World’s Longest Insect Is Borneo Stick Insect

Written by Jaxon S on October 18th, 2008 in Borneo Flora and Fauna.

How long, do you think, is the world’s longest insect? Fifty-six centimetres. What kind of insect that could grow that long? It’s the Borneo stick insect, so named as it resembles a stick.

Villagers in Ulu Moyog, in Penampang district in the Malaysian Bornean state of Sabah, found the insect in 1989 and handed it over to naturalist Chan Chew Lun (The Star picture, below).

The Star reported that the insect has been officially named Phobaticus chani, or Chan’s megastick, after the naturalist.

In this month’s issue of the scientific journal Zootaxa by British scientist Philip Bragg, London’s Natural History Museum scientific associate Paul Brock was quoted as saying that the stick insect was the longest still in existence and this assessment was confirmed by Marco Gottardo, an entomologist at Italy’s Natural History Museum of Ferrara; and Aaron T. Dossey, a resear­cher at the University of Florida in Gainesville who studies the insects.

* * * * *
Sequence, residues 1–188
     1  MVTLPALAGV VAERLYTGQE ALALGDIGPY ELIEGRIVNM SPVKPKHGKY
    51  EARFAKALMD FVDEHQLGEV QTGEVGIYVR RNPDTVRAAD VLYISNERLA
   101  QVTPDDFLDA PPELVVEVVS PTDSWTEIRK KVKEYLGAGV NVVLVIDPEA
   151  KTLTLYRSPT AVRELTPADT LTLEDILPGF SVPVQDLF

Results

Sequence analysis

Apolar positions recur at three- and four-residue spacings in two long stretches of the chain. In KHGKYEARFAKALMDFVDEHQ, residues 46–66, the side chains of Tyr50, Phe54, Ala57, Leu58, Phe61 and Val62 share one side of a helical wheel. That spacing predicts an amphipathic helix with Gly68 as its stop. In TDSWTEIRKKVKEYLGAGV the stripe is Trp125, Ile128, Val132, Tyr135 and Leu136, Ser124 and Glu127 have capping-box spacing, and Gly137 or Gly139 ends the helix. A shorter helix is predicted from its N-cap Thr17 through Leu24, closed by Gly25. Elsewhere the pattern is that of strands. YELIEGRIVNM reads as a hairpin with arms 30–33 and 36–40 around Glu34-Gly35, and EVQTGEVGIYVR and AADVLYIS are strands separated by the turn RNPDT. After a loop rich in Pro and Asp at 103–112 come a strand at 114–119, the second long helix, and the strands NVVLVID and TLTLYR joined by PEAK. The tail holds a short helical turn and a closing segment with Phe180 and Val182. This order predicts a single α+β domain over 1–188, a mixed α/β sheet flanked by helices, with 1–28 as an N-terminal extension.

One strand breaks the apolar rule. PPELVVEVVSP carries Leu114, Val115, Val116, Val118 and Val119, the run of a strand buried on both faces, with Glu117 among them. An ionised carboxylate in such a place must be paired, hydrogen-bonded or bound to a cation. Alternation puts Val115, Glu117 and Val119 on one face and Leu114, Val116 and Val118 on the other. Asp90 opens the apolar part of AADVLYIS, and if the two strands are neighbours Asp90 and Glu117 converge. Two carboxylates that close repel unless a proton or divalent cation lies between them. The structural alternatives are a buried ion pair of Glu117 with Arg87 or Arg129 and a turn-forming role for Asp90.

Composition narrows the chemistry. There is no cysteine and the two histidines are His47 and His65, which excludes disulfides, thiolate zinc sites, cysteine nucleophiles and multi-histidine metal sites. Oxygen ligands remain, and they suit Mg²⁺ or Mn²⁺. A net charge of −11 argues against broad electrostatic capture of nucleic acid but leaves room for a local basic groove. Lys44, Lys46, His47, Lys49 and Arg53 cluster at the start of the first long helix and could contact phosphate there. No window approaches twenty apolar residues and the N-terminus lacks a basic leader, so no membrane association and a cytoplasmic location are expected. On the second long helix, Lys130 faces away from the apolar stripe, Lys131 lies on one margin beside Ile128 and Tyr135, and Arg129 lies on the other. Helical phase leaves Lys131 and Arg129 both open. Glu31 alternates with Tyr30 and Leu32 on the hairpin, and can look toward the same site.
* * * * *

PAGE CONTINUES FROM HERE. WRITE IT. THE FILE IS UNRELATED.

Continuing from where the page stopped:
Chan said he was honoured to have the stick insect named after him.

“This is something so special. After all, how many people would have the world’s largest insect named after them?” said Chan, who runs the Kota Kinabalu-based Natural History Pub­lications.

He would go out to meet villagers and ask them to obtain specimens of the insect for him.

“One day in 1989, I met a farmer who handed over this huge stick insect he found somewhere at Ulu Moyog in Penampang district and I realised that it could be a totally new species,” he said in the report.

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One Response to “World’s Longest Insect Is Borneo Stick Insect”

  1. Adlai Says:

    Nearly the length of a human arm, a recently identified stick bug from the island of Borneo is the world’s longest insect, British scientists said today.The specimen was found by a local villager and handed to Malaysian amateur naturalist Datuk Chan Chew Lun in 1989, according to Philip Bragg, who formally identified the insect in this month’s issue of peer-reviewed journal Zootaxa.
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    Adlai

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